RAJPUT PAINTING
The only other sixteenth century Rajput painters whose work is known to us are those who were established in the Mughal library: although many of their names are known and it has been recognized that they contributed an important element in the formation of the Mughal style, little attempt has been made to trace in their work the style which they themselves had practised before entering the Mughal household. In the reign of Humayun and the early part of that of Akbar, such Hindu painters would not have yet learned the proficiency of draughtsmanship required at the Mughal court. They would have been put to doing the backgrounds in the great undertaking of the court library, the production of a vast manuscript of the Hamza-nama, an Islamic heroic story; and this is what we find on looking through the hundred or so surviving illustrations to this manuscript. Such unnoticed scenes as that here reproduced afford some evidence for the style of Rajput painting in the third quarter of the sixteenth century. It has a freshness and directness of treatment which is a great contrast to the somewhat worn conventions of the Gujarati painting but appropriate to a young movement still only half awakened.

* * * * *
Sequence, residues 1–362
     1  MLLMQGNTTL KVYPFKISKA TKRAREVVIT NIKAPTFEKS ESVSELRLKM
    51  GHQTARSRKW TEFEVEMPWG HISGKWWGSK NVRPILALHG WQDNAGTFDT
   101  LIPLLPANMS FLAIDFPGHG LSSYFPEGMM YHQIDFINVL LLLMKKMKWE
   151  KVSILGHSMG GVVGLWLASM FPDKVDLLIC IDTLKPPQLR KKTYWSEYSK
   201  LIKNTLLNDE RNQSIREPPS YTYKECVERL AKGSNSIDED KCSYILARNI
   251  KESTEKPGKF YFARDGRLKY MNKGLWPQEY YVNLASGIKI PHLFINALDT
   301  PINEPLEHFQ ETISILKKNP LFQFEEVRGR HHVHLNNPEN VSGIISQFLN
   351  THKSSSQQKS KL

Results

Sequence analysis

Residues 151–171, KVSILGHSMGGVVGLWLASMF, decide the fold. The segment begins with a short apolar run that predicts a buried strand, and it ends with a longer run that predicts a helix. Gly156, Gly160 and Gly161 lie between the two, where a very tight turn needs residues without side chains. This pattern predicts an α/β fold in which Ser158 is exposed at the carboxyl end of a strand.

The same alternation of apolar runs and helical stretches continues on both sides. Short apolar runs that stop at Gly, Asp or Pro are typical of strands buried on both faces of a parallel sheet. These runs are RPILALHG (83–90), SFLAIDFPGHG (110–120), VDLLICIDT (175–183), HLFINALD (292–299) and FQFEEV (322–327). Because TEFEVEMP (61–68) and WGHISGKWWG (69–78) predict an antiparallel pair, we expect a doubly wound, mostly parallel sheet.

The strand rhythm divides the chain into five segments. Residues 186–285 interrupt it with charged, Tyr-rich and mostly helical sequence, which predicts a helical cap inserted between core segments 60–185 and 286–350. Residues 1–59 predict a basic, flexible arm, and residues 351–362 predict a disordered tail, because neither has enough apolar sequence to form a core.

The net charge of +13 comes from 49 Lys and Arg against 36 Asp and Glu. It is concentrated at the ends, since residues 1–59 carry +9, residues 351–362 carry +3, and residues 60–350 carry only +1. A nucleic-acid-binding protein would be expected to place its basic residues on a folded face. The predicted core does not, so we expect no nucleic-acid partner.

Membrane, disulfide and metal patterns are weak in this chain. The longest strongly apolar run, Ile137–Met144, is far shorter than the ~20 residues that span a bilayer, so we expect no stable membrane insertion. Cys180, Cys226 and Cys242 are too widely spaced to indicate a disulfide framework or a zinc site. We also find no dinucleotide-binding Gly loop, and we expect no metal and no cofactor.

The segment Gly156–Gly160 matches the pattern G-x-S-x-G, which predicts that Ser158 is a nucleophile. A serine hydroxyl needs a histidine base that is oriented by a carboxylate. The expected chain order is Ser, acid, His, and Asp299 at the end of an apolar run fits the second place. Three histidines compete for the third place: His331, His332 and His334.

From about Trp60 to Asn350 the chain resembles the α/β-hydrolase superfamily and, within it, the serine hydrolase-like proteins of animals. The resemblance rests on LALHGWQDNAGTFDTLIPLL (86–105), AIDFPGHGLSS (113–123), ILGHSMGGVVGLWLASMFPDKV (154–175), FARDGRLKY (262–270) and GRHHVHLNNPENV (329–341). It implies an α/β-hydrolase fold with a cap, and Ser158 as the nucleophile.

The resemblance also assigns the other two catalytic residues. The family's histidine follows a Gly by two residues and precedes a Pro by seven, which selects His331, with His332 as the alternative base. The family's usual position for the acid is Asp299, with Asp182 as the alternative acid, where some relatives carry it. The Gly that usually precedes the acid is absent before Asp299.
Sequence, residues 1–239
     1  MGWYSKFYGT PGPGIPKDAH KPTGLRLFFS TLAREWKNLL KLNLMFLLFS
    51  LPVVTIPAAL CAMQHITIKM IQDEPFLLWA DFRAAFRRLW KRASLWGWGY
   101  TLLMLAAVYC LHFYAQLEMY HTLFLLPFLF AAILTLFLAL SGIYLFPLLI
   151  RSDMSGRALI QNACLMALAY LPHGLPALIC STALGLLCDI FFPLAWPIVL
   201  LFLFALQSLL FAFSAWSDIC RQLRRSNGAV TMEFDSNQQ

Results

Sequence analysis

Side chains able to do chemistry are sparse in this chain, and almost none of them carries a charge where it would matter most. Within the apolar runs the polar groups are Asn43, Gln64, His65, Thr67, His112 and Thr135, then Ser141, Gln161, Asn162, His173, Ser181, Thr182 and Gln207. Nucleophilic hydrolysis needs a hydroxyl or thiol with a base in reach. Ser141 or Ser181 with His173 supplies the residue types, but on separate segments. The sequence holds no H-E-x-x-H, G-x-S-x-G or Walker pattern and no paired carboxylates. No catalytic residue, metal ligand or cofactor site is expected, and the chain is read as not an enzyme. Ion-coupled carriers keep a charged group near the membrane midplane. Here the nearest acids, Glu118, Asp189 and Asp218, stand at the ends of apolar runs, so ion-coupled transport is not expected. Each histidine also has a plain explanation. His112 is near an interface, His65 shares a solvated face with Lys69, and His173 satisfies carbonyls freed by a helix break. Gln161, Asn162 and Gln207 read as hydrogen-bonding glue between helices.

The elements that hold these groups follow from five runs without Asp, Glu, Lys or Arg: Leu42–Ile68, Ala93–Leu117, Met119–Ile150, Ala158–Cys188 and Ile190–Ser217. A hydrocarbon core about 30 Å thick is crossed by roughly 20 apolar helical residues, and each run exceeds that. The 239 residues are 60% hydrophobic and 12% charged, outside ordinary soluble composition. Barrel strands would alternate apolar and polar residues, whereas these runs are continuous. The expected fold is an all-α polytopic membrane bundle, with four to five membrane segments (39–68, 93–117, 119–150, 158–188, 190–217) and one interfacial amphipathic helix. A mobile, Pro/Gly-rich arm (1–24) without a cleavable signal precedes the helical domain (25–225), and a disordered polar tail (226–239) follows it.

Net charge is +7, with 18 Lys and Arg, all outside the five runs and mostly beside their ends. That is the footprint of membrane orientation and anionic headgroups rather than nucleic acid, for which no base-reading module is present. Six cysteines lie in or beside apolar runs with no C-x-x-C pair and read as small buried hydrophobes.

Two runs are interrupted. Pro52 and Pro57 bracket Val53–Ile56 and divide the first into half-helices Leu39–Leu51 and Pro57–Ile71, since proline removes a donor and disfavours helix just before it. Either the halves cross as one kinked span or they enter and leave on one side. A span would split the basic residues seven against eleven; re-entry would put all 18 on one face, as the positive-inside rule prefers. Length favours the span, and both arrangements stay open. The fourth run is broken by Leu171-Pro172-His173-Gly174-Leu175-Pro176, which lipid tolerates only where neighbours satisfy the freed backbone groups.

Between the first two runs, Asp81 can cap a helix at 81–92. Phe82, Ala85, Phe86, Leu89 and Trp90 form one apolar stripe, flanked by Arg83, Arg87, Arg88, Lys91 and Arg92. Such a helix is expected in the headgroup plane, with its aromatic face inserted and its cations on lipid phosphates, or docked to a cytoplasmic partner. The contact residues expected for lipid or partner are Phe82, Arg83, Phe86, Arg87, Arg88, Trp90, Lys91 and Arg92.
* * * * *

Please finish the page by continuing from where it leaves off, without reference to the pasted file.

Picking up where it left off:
Rajput painters who had worked for a time at the Mughal court and learnt some of the science of miniature painting as developed in Persia, must have returned to their homes and there produced such work as the illustrations to Rasikapriya mentioned above. More significant for the future are the first Rajput Ragmala paintings which also date from about this period; for these themes were to be the main work of the school during the whole of the seventeenth century. Music and song and dance were intimately connected with the religious revival in which Chaitanya was so powerful an influence in the early sixteenth century. Just as we have seen that painting and poetry moved hand in hand, so too did poetry and music. Poems were written on the themes of the principal melodies according to the categories in which they were classified in the highly developed Hindu system, and collections of these poems were already made before 1500. It would be quite natural in the situation favouring the unity of the arts that paintings should also be made on these same themes, and that they should be influenced by the poems already written, and should accompany them. These collections of poems and pictures are called Ragmalas or garlands of Rags. But the dance poses were directly illustrated and actually the only indubitably sixteenth-century Ragmala paintings are little more than rhythmic diagrams in the simplest Western Indian style.

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